Perhaps most interestingly, Sycamore Bidco also addressed the typically knotty issue of how the buyer’s losses fell to be valued. It is well established that where a warranty in an SPA has been breached, the measure of loss is the difference between the value of the shares as warranted and their true value. However, this hypothetical exercise of determining what a willing buyer would have paid to a willing seller in the absence of a market can be fraught with difficulty. For example, it may turn on what the buyer would have done had the true position been known, which is an inquiry that raises questions as to the factors relevant to the buyer’s approach and potentially requires expert evidence to be elicited.
The buyer in Sycamore Bidco argued that the warranties given in the SPA were also representations in an attempt to sidestep the possibility that the quantum of the claim would be reduced by a valuation exercise. If the High Court had accepted that the warranties had this dual quality, the effect on the measure of damages would have been significant, as it would have enabled the buyer to recover a sum equal to, or in excess of, the consideration paid, as opposed to the far lower sums available for breach of warranty. However, the argument was firmly rejected and the position now must surely be that clear words are needed for this improbable outcome to arise.
Valuation was also at the centre of the dispute in Ageas (UK) Limited v Kwik-Fit (GB) Limited & Anor  EWHC 2178 (QB), where the underlying point of principle was whether hindsight or subsequent events could be relied on in order to value a company at the date of the breach. Without the benefit of any clear authority, the High Court concluded that it was permissible, but that this approach can only be justified if the overriding compensatory principle requires it, and if the parties have not agreed that the risk of the contingency arising should fall on one party or the other.
On this occasion, it could not be shown that the buyer would obtain a windfall and it was implicit in the parties’ bargain, as the deal was structured on a locked-box basis, that any change of position following the locked-box date should take effect to the buyer’s benefit. The court therefore rejected the argument put by the seller, in tandem with the buyer’s insurers, that the quantum of the buyer’s warranty claim should be reduced.
Since the 2014 decision in Ageas, the courts have seen at least two further attempts to limit loss by reference to matters following the date of breach. On each occasion, the attempt has been unsuccessful.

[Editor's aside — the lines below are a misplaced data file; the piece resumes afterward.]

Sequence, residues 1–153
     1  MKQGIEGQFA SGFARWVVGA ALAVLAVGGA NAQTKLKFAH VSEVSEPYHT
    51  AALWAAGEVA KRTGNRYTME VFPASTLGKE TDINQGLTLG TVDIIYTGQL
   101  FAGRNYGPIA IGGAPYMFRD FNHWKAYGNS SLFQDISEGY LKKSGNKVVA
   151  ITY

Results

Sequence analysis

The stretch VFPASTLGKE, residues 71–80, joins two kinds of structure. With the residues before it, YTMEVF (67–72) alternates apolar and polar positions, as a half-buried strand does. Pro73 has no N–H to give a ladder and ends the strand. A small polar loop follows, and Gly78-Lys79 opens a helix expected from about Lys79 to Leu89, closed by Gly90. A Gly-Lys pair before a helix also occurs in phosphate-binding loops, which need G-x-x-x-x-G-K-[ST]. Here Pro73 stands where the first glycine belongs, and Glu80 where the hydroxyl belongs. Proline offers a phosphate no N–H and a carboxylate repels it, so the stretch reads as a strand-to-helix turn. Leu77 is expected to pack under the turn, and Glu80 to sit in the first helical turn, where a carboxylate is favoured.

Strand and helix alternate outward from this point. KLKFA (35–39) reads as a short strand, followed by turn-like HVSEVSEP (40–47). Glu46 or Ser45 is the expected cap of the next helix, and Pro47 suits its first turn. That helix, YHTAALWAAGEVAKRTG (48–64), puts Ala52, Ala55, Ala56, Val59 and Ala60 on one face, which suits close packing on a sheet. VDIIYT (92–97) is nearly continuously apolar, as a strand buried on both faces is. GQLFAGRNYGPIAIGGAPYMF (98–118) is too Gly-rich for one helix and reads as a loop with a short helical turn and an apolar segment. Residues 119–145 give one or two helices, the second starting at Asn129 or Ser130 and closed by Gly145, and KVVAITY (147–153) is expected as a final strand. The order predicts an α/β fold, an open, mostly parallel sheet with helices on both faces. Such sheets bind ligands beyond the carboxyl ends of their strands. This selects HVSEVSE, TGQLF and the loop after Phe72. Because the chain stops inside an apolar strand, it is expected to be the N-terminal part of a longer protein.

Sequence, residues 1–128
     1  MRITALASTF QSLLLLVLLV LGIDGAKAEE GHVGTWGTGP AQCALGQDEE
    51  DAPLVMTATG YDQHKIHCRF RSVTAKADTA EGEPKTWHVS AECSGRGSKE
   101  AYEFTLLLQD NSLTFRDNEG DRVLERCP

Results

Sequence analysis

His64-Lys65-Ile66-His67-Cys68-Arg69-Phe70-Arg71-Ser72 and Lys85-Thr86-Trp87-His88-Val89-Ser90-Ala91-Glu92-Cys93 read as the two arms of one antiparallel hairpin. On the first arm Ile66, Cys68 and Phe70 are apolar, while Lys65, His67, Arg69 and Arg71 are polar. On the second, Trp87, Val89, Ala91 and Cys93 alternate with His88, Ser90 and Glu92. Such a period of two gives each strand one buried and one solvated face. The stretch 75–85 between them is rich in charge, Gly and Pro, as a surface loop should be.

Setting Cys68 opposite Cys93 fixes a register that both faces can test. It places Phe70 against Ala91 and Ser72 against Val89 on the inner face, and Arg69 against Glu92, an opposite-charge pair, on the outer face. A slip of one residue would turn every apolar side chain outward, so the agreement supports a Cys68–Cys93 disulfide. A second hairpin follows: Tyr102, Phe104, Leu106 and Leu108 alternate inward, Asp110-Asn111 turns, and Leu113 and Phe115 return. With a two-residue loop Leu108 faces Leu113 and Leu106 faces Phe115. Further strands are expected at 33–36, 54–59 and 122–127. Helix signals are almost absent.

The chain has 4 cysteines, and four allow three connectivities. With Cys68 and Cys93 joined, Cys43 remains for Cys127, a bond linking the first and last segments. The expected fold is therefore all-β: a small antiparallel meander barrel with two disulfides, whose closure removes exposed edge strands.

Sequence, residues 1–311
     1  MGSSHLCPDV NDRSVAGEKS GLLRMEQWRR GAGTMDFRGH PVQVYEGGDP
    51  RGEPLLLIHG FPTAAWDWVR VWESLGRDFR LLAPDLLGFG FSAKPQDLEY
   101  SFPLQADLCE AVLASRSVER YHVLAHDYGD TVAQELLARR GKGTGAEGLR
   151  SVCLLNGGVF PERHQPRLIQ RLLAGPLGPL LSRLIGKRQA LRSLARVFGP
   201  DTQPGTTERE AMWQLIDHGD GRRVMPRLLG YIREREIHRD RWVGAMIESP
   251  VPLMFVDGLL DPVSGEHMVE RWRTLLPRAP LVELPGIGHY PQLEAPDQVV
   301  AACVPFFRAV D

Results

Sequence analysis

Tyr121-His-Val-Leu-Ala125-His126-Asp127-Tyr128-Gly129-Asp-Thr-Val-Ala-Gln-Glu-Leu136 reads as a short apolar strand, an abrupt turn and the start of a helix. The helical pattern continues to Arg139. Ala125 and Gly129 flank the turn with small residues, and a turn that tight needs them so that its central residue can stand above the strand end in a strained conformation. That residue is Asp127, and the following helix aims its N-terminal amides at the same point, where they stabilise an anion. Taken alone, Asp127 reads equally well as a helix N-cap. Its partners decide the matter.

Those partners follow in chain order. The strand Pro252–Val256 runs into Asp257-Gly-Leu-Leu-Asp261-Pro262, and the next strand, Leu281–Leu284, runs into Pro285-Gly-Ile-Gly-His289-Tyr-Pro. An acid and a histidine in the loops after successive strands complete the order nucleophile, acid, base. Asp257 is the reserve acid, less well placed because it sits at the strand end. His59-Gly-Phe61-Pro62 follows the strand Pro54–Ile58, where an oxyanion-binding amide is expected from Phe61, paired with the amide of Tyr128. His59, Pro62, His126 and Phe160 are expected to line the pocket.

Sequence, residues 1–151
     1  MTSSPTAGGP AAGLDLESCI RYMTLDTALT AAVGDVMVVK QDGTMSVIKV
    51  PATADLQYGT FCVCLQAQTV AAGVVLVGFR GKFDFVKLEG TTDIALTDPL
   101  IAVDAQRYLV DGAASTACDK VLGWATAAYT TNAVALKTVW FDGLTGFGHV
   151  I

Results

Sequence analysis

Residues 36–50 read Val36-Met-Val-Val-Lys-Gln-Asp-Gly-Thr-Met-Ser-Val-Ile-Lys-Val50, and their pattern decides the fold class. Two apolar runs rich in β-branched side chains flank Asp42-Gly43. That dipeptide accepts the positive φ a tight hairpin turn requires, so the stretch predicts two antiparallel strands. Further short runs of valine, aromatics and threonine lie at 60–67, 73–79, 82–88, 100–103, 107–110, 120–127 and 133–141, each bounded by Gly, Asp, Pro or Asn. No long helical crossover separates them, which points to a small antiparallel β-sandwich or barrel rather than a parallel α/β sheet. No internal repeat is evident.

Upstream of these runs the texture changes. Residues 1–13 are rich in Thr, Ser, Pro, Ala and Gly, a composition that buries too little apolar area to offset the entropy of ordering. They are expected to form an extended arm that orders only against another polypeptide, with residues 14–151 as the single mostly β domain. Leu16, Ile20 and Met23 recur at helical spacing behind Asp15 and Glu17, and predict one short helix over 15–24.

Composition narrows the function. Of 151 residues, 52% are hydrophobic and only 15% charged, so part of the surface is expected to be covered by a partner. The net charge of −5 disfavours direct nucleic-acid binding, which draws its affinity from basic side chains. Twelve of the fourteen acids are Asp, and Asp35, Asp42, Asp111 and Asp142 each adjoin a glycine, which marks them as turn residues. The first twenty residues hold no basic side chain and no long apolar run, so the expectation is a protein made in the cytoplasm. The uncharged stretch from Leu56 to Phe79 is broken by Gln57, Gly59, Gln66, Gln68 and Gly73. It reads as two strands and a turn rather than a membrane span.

In The Hut Group, the transaction involved the seller receiving shares in the buyer as part of the price, with the buyer giving various warranties in relation to the shares. It was expected that an initial public offering (IPO) would take place shortly after the sale, giving the seller an opportunity to realise more cash.
Following completion, it emerged that an accounting fraud had been committed by the buyer’s finance director, with the result that the buyer’s management and draft statutory accounts did not fairly present the company’s profits and losses in the period before the sale.
The seller admitted a breach of warranty. However, it argued that the buyer had suffered no loss or, at most, a very modest loss because, although the anticipated IPO had not taken place for reasons relating to the seller’s breach of warranty, the chance of an IPO had not been lost.
Adopting the same approach as in the 2014 decision in Ageas, the court confirmed the general position that it is not possible to rely on hindsight evidence, except in exceptional circumstances, such as the existence of cancellation rights in the event of a future contingency or contractual provision for post-contract adjustment of the price.
The same conclusion was also reached subsequently in Bir Holdings Ltd v Mehta  EWHC 3903 (Ch), following a breach of warranty by the seller as to the nature of the licences held by the target company at the time of the sale. Again, the absence of a windfall for the buyer that would offend the compensatory principle, coupled with a clear allocation of risk under the transaction contract, proved fatal to the seller’s argument.
An important issue for negotiation in many deals will be the value of the cap to be placed on the seller’s liability for indemnity and warranty claims. While higher limits can be provided with the assistance of insurance, it may transpire that the buyer’s actual losses substantially exceed the agreed cap.
If so, the buyer will want to explore ways to lift the cap although, in most instances, this will only be possible if there has been fraud. While proving fraud is invariably difficult and fact dependent, The Hut Group is a recent example of a case where it was possible to do so. On this occasion, the seller was able to prove, on the facts, that the fraudulent intent of the buyer’s finance director was to be attributed to the buyer, given his heavy involvement in the transaction and the nature of the fraud. As a result of the buyer’s fraud, the cap therefore did not apply to the seller’s breach of warranty claim.
Our aim is to help our clients understand the potential opportunities and challenges that COP25 may have on their business.
IMO 2020 is almost upon us. Readers are well aware of the impending switch to 0.5 percent fuel mandated by Annex VI of MARPOL which will cause an anticipated drop in HSFO demand, the potential hazards of new untested LSFO blends, the concerns around scrubber operations, the debate over open loop versus closed loop, and the myriad of other risks associated with the impending regulatory change.